My wife insisted that I read “The Silver Linings Playbook”. She also gave me an ultimatum: I had ten days to read it before the movie was going to be played on our TV and I was to be forced to watch it as in A Clockwork’s Orange. I have to admit, I am glad she did but please don't tell her! I will briefly review the book and then the movie.
|I could've ended like this guy...|
The novel is written in first person; the POV is that of Pat Peoples who just came out from a mental hospital. Pat doesn’t remember what happened, other than he ended up being separated from his wife. He doesn’t even remember how long he has been inside the hospital. The only thing he knows that he wants to get back with Nikki. As I mentioned earlier, Pat and Nikki have been separated during a time that Pat christened the "Apart time".
To complicate things, his parents are not much willing to tell him what happened, why he can’t see Nikki yet and why they removed every picture of Nikki from the house. Now, one important thing to notice that when Pat comes back home it’s not all sunshine and rainbows. His father can’t stand him. Whenever Pat and his dad are in the same room there is some tension.
It is easy to foresee that Pat will soon or later meet a girl; this girl is Tiffany, an individual with some problems of her own. The two will grow a troubled friendship and the reader will have some fun reading about it. I am not going to spoil it anymore.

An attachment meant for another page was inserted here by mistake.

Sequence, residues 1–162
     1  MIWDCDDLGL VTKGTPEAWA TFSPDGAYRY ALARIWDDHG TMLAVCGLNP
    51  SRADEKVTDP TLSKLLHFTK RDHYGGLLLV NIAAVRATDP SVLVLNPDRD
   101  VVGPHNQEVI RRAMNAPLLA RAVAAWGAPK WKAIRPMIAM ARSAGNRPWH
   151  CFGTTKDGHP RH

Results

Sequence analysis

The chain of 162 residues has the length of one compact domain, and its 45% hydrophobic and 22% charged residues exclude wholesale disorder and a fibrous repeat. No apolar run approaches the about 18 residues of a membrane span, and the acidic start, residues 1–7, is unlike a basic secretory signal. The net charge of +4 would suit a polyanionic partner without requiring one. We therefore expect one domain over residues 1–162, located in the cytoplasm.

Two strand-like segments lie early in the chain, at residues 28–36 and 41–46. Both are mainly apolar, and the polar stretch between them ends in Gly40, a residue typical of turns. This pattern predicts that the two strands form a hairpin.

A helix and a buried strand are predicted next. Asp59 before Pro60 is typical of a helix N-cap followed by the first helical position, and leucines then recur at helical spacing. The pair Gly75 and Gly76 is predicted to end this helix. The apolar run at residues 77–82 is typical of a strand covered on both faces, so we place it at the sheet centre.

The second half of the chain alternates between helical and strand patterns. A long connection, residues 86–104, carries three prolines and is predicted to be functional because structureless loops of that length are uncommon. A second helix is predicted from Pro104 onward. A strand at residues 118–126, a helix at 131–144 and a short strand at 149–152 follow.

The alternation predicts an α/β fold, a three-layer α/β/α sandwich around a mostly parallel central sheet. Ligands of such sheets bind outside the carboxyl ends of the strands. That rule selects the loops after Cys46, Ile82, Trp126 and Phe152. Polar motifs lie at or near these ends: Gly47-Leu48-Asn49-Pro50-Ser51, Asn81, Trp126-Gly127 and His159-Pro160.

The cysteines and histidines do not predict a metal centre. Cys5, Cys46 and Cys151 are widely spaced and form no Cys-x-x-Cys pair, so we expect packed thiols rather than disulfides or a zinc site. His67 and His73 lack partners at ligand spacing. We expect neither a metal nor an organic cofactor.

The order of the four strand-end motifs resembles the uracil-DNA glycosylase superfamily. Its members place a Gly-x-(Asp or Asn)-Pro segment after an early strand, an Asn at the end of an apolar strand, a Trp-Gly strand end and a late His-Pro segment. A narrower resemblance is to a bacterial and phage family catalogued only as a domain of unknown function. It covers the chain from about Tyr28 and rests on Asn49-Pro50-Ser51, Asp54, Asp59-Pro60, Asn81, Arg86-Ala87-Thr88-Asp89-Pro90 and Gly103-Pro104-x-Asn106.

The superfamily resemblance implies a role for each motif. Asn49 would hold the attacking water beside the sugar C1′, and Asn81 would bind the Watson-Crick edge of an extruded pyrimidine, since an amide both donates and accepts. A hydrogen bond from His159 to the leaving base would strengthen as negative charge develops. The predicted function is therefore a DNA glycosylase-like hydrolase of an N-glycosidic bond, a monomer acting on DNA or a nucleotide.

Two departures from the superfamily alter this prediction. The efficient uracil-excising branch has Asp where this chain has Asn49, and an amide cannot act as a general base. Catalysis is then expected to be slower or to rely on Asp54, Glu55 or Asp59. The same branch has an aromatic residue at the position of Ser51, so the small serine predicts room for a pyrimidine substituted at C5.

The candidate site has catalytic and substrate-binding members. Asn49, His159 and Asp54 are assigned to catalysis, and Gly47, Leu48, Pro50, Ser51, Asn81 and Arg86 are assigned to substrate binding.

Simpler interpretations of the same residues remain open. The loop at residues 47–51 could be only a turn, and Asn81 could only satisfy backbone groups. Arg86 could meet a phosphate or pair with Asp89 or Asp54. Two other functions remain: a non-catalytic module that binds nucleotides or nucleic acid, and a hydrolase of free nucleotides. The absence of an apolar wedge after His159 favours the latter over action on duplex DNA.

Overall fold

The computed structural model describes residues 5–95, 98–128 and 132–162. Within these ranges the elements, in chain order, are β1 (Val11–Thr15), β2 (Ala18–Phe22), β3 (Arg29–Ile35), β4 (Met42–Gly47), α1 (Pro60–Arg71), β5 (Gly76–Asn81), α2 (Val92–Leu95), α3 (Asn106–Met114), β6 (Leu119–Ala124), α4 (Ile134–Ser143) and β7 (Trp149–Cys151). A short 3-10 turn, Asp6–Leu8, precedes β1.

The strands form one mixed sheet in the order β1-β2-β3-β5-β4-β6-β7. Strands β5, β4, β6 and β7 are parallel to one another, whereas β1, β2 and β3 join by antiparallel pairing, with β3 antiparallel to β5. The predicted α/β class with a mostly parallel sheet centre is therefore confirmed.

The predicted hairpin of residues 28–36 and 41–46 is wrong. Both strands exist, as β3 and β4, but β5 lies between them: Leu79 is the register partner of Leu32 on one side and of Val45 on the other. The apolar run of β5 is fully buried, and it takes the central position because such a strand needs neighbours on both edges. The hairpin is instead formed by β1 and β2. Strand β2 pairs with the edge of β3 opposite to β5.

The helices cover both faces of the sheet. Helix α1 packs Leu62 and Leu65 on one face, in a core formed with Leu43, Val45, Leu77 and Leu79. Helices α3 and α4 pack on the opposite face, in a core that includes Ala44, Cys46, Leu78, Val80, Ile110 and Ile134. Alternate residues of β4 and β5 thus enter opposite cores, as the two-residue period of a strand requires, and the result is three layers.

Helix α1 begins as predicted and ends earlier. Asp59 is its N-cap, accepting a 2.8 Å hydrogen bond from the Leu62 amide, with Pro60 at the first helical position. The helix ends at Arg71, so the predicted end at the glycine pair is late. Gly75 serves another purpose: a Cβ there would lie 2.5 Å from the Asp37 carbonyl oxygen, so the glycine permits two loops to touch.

Stylistically I found the book interesting. As my wife pointed out, it reads as if a child wrote it. It’s linguistically simple, there are no weird descriptions and the reader is left with a good feeling after the last page is turned. Two thumbs up.
Ok, first the BAD. Whoever decided to cast in Robert De Niro and even worse make him as if he was playing a Focker should be fired on spot. I would actually be glad to chew his brain (kidding!). To me it’s completely unacceptable that the father’s character has been changed so vastly that it doesn’t even make sense. It’s stupid and boring. I am left wondering if De Niro is trying to change his “bad ‘Al Capone’ guy” look to “good ‘ol grandpa Bobbi”.
One more thing I didn’t understand is why they explained what happened to Pat within the first five minutes of the movie . I am not really complaining, it could be that keeping the mystery for one hour would’ve made the movie more of a Lt. Columbo story than a good psychological drama. I suggest to you to read the book first.
The actors are all amazing, with the exception of the dull De Niro. Bradley Cooper (Pat) is very credible, has the right voice tonalities and is quite funny to watch, but the real star is Jennifer Lawrence (Tiffany). She is sublime, portraying a woman much older than she is in real life. She won an Oscar for this role and I believe it’s truly deserved. Impressive.
The movie gets only one thumb up because of De Niro, otherwise it would’ve been an almost perfect interpretation of an already good book.